The Single Commissioner ruled Pack had not reached maximum medical improvement, that she had injury “to her respiratory system, brain with psychological overlay . . . when she was exposed multiple times to pesticides and herbicides,” and that Appellants should pay for continued treatment. The Appellate Panel of the Workers’ Compensation Commission (the Commission), in a 2-1 decision filed June 19, 2006, affirmed the Single Commissioner’s decision with amendments.  The majority held Pack’s injuries were limited to “her respiratory system with psychological overlay” but did not include the brain. 

The dissenting commissioner, Commissioner Barden, held: there was no evidence of any respiratory injury, there was no objective evidence of any brain or “toxic exposure” injury, Pack had reached maximum medical improvement shortly after exposure to herbicide, and Pack had no residual permanency.  In support of her position, Commissioner Barden noted:

(a) [Pack’s] discharge summary from 2002 notes that her “renal and hepatic functions were normal,” her “neurological symptoms cleared within 24-48 hours,” and “there was no slurring of speech;” (b) [Pack’s] claim appears to have as its basis her Internet research dealing with acephate; however [Pack’s] plasma and blood levels showed no signs of insecticide exposure; further, certified toxicologists state that any symptoms from which [Pack] suffered were not related to acephate; (c) Dr. Waid is not a medical doctor, and based his findings on tests which show that [Pack] acts as if she has a toxic exposure injury; (d) Dr. Lieberman simply recites the purported exposure to organophosphates which no objective test has shown; (e) at most, [Pack] has had a psychosomatic experience from her Internet research; at worst, [Pack] is using the worker’s compensation system for purposes of secondary gain; (f) all the objective medical evidence, . . . which describes [Pack] as very articulate and organized; that she has brought in a book with multiple tabs, and which summarizes medical opinions from various physicians; and that she speaks with fluency regarding the chemicals to which she was reportedly exposed.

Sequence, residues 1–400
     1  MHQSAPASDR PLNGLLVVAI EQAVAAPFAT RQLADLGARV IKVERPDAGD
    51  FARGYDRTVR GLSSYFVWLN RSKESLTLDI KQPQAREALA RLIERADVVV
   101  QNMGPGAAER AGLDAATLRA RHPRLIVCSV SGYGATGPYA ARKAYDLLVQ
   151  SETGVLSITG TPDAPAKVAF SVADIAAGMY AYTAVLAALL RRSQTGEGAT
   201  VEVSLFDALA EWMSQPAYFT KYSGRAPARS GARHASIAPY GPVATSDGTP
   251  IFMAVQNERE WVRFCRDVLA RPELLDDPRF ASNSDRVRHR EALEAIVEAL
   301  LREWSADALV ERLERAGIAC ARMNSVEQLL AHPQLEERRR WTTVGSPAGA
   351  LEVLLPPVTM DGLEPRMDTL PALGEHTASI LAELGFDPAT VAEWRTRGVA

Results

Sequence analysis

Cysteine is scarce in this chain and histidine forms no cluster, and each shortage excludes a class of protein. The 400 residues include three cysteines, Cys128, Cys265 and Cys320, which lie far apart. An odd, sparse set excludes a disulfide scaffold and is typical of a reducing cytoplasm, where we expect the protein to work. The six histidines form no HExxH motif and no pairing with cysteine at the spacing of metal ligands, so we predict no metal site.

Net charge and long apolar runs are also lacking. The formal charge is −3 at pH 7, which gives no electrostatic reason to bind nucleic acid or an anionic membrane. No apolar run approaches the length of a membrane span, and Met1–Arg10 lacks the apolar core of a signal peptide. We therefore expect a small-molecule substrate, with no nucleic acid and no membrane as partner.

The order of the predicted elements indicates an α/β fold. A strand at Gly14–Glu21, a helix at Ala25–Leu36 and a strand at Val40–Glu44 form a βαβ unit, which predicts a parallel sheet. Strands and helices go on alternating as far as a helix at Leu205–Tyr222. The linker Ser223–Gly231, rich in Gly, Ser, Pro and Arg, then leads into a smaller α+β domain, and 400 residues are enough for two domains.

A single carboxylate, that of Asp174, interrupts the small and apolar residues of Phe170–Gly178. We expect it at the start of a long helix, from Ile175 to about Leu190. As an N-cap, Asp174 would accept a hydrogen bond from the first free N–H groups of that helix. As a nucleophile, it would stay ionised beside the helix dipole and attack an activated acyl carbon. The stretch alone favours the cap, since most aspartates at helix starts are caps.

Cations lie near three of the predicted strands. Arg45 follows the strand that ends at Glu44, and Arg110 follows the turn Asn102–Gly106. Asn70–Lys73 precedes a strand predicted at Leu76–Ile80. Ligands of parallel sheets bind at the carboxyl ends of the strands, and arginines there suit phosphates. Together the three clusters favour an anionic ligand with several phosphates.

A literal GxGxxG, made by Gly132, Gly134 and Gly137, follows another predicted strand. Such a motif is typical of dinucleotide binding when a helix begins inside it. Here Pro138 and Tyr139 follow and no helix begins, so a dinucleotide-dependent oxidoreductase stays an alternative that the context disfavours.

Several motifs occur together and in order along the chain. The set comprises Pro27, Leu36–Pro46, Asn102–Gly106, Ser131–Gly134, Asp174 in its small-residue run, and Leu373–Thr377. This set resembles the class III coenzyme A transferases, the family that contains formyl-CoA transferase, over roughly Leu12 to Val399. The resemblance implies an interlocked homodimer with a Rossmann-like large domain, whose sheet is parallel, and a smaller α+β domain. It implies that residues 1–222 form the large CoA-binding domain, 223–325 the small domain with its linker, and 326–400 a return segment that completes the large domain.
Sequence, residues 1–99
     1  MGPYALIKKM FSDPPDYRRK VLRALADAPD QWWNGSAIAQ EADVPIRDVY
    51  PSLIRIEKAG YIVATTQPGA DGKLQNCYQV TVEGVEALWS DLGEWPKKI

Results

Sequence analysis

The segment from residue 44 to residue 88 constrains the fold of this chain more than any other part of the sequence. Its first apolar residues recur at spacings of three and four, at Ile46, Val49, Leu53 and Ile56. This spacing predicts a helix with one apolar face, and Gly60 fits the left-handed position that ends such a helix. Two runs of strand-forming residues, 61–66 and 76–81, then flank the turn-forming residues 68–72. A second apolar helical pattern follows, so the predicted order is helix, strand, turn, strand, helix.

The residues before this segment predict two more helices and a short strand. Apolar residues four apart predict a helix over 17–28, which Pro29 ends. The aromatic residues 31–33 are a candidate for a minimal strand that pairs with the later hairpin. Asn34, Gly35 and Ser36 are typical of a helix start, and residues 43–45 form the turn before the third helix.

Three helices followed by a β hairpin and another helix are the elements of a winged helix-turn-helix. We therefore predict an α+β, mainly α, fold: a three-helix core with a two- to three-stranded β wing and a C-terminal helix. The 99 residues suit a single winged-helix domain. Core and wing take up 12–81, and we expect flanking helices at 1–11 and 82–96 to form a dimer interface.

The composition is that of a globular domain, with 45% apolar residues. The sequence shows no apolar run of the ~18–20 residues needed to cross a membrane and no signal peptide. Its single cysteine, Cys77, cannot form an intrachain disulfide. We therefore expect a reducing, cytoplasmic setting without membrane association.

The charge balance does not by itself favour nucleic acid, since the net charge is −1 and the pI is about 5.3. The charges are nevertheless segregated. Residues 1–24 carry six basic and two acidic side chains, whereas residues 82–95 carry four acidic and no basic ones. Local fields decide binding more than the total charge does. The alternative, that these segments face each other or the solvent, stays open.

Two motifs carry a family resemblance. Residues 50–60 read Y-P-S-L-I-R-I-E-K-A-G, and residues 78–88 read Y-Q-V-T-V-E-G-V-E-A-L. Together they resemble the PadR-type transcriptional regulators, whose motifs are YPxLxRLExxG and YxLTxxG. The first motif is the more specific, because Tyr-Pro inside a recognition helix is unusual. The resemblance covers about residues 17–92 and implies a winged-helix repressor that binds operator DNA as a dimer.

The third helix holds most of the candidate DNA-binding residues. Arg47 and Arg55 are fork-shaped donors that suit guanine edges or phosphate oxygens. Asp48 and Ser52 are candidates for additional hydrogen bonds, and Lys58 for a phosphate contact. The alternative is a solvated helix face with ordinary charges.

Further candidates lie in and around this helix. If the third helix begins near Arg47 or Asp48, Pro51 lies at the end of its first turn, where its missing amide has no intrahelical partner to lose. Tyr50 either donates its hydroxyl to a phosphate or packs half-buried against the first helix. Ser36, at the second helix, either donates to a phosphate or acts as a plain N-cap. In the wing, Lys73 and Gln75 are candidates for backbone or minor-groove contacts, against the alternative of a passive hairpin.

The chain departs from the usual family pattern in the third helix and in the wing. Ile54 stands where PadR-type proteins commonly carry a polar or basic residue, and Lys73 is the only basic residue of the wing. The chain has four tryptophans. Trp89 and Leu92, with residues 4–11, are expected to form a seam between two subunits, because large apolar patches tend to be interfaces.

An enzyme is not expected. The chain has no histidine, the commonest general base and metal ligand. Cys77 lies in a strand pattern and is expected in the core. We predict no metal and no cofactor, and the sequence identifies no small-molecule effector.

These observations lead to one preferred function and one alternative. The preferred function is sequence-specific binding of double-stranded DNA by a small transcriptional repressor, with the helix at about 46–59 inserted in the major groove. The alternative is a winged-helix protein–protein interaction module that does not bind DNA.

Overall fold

(emphasis in original).

Both parties timely appealed to the circuit court.  Pack argued the Commission erred in denying compensability for her physical brain injury, but the Commission did not err in affirming compensability for respiratory and psychological injuries.  Appellants argued the denial as to Pack’s brain injury was proper because it was supported by substantial evidence.  Appellants further contended the dissenting opinion was correct and the majority opinion awarding compensability for respiratory and psychological injuries was not supported by substantial evidence. 

As to the brain injury, the circuit court reversed the Commission, holding “the only evidence contained in the record supports the original finding that [Pack] sustained an injury to her brain” and “[t]he exclusion of the brain without explanation is inconsistent with the medical treatment and evaluation the Commission ordered.”  As to respiratory and psychological injury, the circuit court affirmed.  This appeal follows.

STANDARD OF REVIEW